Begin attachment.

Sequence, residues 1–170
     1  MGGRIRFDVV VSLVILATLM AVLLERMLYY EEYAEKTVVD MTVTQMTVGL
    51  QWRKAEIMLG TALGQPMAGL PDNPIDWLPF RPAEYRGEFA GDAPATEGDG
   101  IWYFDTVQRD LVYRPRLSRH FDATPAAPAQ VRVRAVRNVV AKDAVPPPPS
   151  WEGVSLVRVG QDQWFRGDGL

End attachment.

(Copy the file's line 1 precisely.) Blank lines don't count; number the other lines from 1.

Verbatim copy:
Sequence, residues 1–170